Then the angel lowered herself on Lydia’s side of the bed. Jaden looked over to his wife and wept. He held her closer then, looking at the angel, he said, “Take me and leave her be.” He tried to summon his strength against the angel but it was futile. His abilities seemed to have deserted him. Once upon a time, he could have rivaled any power in existence, even the divine, but alas his mortality now betrayed him.
Angela knelt beside Lydia and took her hand gently in her own now-materializing hand. “Dearest and most ancient of friends,” she called her, “fear not what is to come. Fear not for that of you ye will leave upon the earth. As our Lord spoke unto your offspring, I promise it shall not be long before ye are all brought home.”
Lydia grew concerned and tears streamed down her cheeks. If she had heard the angel refer to her as most ancient of friends, those words seemed to have been lost upon her. Her concern was for her children. “Shall my children not live out their days and grow old as my husband and I have?”
The angel smiled. “Trouble not thy wearied soul with worry,” she said.
“I fear for your answer is vague, perhaps even evasive,” observed Jaden.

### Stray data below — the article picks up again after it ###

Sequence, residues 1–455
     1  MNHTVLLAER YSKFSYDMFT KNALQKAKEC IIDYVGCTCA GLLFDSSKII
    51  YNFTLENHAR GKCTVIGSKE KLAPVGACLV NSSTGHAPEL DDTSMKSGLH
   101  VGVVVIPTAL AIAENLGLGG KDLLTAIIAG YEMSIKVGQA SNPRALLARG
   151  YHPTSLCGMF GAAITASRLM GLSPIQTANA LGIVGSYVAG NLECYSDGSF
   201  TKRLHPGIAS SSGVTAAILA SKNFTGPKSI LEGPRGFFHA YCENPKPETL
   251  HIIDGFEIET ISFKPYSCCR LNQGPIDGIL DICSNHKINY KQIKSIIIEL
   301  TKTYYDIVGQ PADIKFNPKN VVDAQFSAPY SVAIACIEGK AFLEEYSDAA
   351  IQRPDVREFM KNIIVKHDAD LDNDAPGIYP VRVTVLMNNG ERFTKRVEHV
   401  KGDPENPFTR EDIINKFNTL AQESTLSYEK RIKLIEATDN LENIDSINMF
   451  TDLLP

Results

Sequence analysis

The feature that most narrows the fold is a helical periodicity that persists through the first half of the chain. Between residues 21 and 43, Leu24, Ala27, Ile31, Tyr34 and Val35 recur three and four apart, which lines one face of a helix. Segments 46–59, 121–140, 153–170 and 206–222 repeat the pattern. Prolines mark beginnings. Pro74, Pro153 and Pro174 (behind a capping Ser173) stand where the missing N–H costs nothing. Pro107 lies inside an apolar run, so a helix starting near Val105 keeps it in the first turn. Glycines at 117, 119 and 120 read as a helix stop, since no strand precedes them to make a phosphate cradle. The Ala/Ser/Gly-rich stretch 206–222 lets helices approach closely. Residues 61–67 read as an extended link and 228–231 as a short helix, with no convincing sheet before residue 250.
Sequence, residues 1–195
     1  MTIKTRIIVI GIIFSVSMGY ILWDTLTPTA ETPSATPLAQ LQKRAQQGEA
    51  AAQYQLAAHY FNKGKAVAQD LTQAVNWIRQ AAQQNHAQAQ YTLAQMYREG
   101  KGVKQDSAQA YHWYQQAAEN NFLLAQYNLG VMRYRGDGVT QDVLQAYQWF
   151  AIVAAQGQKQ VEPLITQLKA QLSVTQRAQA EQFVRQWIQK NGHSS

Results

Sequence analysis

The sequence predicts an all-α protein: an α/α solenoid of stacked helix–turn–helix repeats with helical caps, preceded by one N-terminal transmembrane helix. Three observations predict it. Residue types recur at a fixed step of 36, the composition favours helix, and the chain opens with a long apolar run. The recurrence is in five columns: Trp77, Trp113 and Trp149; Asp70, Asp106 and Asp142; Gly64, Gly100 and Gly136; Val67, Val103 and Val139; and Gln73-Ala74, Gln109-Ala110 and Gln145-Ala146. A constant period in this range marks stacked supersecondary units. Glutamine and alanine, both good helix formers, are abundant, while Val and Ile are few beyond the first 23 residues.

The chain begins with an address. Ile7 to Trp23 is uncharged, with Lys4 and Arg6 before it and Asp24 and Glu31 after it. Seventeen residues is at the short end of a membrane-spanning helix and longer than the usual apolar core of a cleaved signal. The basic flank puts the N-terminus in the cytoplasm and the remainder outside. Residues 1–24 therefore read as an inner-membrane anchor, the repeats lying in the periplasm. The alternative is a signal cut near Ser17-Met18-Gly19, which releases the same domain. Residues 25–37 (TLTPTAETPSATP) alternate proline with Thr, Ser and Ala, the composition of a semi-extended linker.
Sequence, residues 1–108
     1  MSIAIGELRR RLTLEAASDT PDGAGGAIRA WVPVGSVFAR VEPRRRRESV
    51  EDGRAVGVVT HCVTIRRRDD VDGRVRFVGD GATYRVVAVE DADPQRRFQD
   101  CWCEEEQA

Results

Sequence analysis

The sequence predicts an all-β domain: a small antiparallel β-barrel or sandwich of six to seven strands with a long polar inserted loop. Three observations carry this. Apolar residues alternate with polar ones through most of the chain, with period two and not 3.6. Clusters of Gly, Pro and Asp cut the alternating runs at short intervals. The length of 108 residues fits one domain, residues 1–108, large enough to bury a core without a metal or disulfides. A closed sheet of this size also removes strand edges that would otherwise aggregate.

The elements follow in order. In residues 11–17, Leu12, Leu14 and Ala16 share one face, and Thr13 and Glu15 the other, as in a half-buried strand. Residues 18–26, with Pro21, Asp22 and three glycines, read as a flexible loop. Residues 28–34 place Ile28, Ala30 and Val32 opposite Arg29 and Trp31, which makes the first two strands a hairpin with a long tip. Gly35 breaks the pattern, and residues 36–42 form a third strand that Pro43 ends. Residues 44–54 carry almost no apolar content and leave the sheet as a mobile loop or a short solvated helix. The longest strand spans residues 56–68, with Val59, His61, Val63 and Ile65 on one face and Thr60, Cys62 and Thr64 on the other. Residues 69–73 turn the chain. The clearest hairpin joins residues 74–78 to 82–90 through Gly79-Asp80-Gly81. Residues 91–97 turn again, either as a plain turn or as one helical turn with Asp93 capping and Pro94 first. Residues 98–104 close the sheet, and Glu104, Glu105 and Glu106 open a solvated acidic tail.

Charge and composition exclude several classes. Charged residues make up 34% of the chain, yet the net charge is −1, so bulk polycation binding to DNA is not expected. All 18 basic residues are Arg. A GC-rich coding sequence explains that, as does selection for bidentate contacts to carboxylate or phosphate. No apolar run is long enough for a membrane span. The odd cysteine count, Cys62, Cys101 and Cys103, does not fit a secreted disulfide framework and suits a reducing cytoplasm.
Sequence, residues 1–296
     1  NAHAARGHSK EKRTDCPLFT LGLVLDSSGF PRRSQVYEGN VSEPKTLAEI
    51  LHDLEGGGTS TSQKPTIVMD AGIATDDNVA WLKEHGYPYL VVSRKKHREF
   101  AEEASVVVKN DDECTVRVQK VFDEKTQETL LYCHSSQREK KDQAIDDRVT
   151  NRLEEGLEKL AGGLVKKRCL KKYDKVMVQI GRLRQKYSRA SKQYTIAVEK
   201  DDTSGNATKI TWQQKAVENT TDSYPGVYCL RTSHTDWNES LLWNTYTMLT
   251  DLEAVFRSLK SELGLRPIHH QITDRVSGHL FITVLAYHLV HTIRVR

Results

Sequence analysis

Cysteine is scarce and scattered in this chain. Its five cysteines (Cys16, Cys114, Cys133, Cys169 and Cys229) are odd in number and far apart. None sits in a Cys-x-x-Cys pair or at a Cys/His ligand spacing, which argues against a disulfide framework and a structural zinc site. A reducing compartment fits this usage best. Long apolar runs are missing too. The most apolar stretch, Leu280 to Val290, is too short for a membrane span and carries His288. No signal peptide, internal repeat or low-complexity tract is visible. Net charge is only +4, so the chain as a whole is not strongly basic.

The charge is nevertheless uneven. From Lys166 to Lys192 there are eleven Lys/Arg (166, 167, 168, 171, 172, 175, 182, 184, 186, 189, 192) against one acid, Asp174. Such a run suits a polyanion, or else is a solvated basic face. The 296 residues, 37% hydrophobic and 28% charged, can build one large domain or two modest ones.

Then, becoming twin entities, Angela drifted from herself and, levitating above and across the bed, one of the twain she had become remained with Lydia while the other of her knelt by he whom she called Lord. She smiled kindly while squinting her eyes as though to acknowledge his skepticism while yet still remaining cryptic. Then, reaching out her hands from that of her which was on either side of the bed, she took them both by the hand and said, “Behold your days past.”
is the baby all right?” asked a nervous mother after catching her breath following her final push. But before the doctor could answer, the newborn baby broke the unnatural silence and apprehension that had come upon everyone in the delivery room with an adorable cry. Was the child just delivered the anti-Christ? Certainly an occurrence quite beyond strange had just occurred within the walls of the delivery room, thought the doctor as her mind flashed back to the many doomsday movies she had watched in which some poor unsuspecting mother had given birth to the devil. She was much too educated to really believe that, she thought, as she dismissed the notion. But something decidedly unusual and inexplicable did just happen, that much was obvious to not just her but everyone else present.